Keeping with this week’s theme of sports on coins, a company named Baseball Treasure (at baseballtreasure.com) created baseball “coins,” technically medals, representative of all 30 teams. Each team is represented by one player whose likeness will appear on the medals.
These medals are licensed by Major League Baseball and the Major League Baseball Players Association.
Most of the medals are made from one ounce of copper. The medals are mounted on a baseball-card-sized cardboard card with player highlights, similar to what you would see on a baseball card.
The medals are sold in packs of three, six, and nine—or you will receive multiple packs of three medals. You can buy a box containing 36-packs. Assuming a pack contains three medals, their “Treasure Chest” contains 108 medals. For $3,000 you can buy a 12 box package with 432 packs containing 15,552 medals.
According to their website, one in every 432 packs will have a version of the medal made in .999 silver. Silver medals have been struck for each of the 30 players.
If you want to go for the gold, one in every 21,600 packs contains a specially marked medal redeemable for a gold medal featuring Aaron Judge of the New York Yankees. This was created to commemorate his rookie record of 52 home in the 2017 season.
For those who are into trivia and would like to win a silver medal, they will post a clue on social media with the answer being a major league team. If you want more information, visit their #JoinTheHunt webpage for more information.
Previously, Upper Deck created hockey coins that they sold for $100 per coin on a virtual basis. While you could request the physical coin, they created a system to buy and trade these medals. There was also the chase to find the gold versions in this series.
The hockey coins are legal tender coins in the Cook Islands.
I had interviewed the Vice President involved in the program and just could not bring myself to write about the interview because I was very skeptical about how the program worked. Initially, they were sold in what they called e-Packs, virtual packages that would be held by Upper Deck. From the e-pack website, collectors can trade with each other.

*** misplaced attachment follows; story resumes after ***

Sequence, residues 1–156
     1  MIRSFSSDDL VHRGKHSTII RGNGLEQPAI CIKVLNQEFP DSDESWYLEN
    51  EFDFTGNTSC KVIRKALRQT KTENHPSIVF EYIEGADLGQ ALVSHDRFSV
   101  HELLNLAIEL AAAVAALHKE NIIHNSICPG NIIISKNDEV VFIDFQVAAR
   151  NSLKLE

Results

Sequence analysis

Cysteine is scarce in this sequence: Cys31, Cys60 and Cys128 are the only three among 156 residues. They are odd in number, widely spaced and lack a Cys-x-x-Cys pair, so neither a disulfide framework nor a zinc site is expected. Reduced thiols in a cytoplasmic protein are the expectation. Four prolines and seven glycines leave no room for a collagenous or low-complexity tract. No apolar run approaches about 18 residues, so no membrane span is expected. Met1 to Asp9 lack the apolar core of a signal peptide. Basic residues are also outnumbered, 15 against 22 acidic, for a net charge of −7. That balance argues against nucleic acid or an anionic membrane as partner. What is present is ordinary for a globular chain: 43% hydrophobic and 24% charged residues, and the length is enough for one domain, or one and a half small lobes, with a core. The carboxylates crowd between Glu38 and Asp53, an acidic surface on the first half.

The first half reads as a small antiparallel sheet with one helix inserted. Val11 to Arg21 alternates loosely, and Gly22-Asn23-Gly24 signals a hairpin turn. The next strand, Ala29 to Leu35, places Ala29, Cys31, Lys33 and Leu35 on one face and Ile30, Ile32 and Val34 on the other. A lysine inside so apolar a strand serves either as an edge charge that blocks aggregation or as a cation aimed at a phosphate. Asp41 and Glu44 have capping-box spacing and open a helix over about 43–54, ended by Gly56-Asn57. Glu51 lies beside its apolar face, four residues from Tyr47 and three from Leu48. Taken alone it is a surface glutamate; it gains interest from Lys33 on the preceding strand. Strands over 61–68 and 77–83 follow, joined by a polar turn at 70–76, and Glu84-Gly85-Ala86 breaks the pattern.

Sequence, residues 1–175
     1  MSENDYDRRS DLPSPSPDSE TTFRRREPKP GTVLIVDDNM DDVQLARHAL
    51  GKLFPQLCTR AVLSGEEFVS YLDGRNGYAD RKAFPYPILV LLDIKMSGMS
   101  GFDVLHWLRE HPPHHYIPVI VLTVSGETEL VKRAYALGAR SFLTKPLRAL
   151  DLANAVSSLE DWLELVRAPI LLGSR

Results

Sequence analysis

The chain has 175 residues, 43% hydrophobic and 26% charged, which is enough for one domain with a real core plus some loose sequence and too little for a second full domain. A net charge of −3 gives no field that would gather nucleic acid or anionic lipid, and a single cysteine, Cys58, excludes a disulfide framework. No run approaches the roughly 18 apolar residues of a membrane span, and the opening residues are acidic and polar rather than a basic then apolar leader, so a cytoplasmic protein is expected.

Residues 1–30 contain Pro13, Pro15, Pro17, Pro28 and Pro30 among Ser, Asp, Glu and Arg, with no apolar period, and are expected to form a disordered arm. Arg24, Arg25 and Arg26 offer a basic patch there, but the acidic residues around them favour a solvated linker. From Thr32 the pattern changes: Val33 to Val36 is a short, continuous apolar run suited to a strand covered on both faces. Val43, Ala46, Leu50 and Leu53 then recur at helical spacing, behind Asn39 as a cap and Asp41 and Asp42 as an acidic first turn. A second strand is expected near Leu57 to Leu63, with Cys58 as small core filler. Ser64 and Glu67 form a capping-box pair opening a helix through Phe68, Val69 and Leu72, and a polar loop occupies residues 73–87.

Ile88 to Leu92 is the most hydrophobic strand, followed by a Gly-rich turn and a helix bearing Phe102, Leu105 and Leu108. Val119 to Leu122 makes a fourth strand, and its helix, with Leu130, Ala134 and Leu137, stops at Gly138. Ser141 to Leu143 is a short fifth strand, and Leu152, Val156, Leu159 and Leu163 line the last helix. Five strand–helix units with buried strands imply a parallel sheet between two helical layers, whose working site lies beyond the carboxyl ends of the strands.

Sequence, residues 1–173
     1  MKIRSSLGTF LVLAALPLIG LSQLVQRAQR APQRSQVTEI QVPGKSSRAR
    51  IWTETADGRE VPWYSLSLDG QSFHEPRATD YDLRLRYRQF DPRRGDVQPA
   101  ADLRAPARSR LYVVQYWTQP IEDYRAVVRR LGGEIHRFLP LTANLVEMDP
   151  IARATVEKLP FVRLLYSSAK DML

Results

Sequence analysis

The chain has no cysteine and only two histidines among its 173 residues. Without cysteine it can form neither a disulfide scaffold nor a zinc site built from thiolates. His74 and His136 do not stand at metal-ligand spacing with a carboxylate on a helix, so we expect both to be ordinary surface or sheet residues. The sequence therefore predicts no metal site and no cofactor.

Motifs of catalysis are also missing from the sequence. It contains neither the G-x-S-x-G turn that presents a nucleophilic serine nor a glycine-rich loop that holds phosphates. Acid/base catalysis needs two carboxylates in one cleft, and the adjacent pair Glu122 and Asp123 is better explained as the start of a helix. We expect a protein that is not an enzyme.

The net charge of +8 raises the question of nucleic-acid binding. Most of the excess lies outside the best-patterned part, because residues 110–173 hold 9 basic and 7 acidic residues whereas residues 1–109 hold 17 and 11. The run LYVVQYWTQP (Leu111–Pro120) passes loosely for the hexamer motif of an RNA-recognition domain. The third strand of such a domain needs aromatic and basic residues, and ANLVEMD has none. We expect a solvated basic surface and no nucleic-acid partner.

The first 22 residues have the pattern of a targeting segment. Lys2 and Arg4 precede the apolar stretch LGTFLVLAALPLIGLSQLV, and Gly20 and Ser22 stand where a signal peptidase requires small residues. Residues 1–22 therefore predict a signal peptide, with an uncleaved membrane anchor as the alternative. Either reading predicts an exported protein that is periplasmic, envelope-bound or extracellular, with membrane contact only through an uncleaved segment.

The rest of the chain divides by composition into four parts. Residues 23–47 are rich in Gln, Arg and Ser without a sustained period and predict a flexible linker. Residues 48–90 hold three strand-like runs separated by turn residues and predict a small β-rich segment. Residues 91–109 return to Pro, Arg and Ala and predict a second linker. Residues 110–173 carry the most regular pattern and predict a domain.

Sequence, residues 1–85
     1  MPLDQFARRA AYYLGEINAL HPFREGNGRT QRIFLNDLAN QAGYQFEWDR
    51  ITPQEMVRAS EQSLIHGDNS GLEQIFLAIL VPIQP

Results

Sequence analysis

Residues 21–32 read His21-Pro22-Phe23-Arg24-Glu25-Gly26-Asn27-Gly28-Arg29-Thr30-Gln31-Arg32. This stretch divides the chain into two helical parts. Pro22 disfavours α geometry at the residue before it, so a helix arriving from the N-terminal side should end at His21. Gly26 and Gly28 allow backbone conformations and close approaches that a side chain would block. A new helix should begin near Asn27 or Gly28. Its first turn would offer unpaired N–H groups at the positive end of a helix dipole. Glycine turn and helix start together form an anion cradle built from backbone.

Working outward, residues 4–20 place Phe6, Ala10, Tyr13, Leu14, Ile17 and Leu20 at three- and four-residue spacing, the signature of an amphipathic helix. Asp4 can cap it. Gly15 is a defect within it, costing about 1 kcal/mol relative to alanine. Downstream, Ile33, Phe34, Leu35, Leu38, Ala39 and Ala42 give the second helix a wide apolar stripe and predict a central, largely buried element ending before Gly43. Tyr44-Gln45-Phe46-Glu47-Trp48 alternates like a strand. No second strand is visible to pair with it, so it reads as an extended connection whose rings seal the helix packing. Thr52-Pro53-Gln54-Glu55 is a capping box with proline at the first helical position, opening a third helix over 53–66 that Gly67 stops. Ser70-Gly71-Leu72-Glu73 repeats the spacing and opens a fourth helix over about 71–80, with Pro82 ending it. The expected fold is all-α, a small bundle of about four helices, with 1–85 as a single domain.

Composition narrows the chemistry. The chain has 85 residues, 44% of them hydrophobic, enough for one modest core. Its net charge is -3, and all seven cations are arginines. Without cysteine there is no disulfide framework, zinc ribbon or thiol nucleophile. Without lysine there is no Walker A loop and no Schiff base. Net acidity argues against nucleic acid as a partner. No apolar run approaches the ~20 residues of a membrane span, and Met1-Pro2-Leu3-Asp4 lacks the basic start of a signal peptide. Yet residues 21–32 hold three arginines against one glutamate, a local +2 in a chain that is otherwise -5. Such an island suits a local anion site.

One of my issues with this program is that they are sold blind packaged like baseball cards. You do not know what is in the package until it is opened. At $100 you can receive either a one-ounce silver coin, one-ounce high relief coin, one-ounce silver frosted coin, or a quarter-ounce gold coins. It would be a real bargain if you received a gold. It would be a worse deal than many Royal Canadian Mint silver coins otherwise.
Visiting their website recently, there is an option to purchase the coins at Canadian Imperial Bank of Commerce (CIBC) throughout Canada. There is no option to physically purchase coins in the United States except through the e-pack website.
These coins must be selling well enough for Upper Deck to continue the program.
In both cases, I am just not impressed with either program.
Both programs are over-priced.
The Baseball Treasure program is selling one-ounce of copper medals at $6.65 each. With the current copper price of $3.2858 per pound, each coin contains 20.5-cents of metals. The rest is packaging, licensing, and distribution. Even so, that is a 3,123,9-percent markup that you may never make up on the secondary market if you were to lose interest, especially since this is a medal and not a legal tender coin.
Of course, it is a better deal if you found a silver or gold medal. Then again, part of the markup to the copper medal is subsidizing the silver and gold medals. Without knowing how many medals or packages are being produced, it is difficult to determine how much of the $6.65 price is subsidizing the gold and silver.
Baseball Treasure’s program is certainly a more interesting idea than the Upper Deck Hockey Coin Program. It is more affordable and carries less risk. The Treasure Hunt also looks like fun and maybe something I will look into. But for now, it is not something I will collect. But if you do be aware that the copper medals may not return much more than $1-2 on the secondary market, depending on the price of copper.